As an emergency medical technician in rural Vermont, Yale School of Public Health student Taiga Christie saw first-hand how emergency workers’ lives are impacted by stress, trauma, exhaustion and other demands of their jobs.
Realizing a need to bring more attention to first responder mental health, and with an existing interest in the dramatic arts, Christie decided to incorporate the struggles of emergency workers into a play that would eventually serve as her master’s thesis.
“Counting Pebbles,” premiered this spring with a benefit March performance at the Yale Cabaret.
The play tells the story of a group of rural emergency medical services (EMS) providers struggling to deal with the loss of one of their own in a fatal overdose. The play is based on EMS provider stories drawn from interviews, personally witnessed by Christie and other artists, and shared via the national, which promotes mental health education and advocacy for first responders and all emergency workers. Counting Pebbles was produced in collaboration with the Code Green Campaign.
“Trauma, addiction and mental health struggles are still stigmatized in EMS,” said Christie, a second-year M.P.H. student in the Department of Social and Behavioral Sciences. “This play was meant to humanize some of these experiences, and to recognize that they’re widely shared. This is a systemic issue that affects so many providers, but it can still be so difficult to talk about. We hoped the play would provide a space to share these stories.”
Christie conceived the project in 2012 and began crafting the play with members of
“This project has been collaborative from the beginning,” said Christie, who served as the play’s director. “Interview participants, script editors, local EMS advisors, artists, Code Green Campaign staff, academic advisors, and performers have all impacted its development.”
The title of the play, Counting Pebbles, comes from a metaphor related to Christie years ago, and quoted in the script: “If each patient’s weight is a boulder, you can only carry a few before you’re buried. But if you can just take a pebble from each person, that’s not much weight, right? So I try to just take a pebble from each patient. Just a little bit of that patient’s memory that I’m taking with me. Maybe they’ll add up and be too heavy after a while. But I can carry a lot of pebbles before I get buried.”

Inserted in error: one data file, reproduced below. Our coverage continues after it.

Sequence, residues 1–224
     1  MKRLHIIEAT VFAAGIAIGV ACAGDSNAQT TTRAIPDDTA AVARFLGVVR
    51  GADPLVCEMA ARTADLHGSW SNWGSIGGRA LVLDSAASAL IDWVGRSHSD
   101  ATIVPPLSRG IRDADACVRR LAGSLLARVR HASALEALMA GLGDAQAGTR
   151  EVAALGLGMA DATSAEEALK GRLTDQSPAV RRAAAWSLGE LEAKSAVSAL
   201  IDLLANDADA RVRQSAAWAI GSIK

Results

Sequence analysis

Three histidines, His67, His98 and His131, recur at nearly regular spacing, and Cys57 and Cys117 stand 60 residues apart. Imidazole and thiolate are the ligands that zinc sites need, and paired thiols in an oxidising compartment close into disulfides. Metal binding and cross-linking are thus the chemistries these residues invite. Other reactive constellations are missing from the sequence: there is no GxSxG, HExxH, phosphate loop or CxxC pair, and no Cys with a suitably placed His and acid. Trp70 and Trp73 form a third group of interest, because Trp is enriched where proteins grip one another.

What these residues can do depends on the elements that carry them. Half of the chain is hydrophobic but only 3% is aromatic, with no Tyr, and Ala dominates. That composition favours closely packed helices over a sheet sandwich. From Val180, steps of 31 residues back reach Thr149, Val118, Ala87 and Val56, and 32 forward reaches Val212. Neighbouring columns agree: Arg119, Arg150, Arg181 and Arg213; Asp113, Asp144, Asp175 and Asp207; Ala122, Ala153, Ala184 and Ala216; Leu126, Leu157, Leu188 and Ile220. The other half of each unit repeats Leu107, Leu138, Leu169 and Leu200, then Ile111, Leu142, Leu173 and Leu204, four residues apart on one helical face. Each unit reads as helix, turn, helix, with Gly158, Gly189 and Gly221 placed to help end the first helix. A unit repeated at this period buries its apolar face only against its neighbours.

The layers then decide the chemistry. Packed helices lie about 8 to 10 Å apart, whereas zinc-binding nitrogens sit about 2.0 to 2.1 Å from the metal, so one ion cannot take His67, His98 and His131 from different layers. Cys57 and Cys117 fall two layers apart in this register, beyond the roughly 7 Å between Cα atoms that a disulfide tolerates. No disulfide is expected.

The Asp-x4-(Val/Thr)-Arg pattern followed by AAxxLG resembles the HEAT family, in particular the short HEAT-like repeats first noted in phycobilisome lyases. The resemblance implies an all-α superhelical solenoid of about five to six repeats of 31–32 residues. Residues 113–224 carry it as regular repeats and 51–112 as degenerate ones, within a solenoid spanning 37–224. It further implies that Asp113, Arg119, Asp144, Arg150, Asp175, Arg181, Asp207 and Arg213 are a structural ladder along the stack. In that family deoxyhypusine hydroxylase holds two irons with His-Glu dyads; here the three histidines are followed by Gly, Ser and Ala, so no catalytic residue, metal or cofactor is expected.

The characters in the play highlight different emotional and mental health stressors members of the first responder community deal with – from survivor guilt to burnout, substance use, and financial strain. An unwritten code of resilience and a reluctance among first responders to share their personal feelings and stress only heightens tensions and suffering.
“Right now, we're the cowboys,” says the character, Elliot, a new EMT with Mike’s fictional EMS crew in the play, “EMS has been the cowboys from the beginning. And I love that acute situation where I need to think. Quick. But maybe there’s a better way to do this, where we don’t run ragged and burn out.”
Yale School of Public Health Professor Judith Lichtman, Ph.D. ’96, MPH ’88, who is investigating ways public health research can be better integrated with the arts and humanities, praised Christie’s effort.
“Chrisitie’s work illustrates how theatre is an excellent medium to share important public health “stories” to a broader audience, particularly as they give voice to timely topics such as the opioid epidemic and social stigma,” Lichtman said.
The project was made possible with the support of the New Haven Mayor’s Community Arts Program, the Schell Center for Human Rights, the Yale School of Public Health Social and Behavioral Sciences Research Fund, the Tsai City Fund and the generosity of an anonymous donor.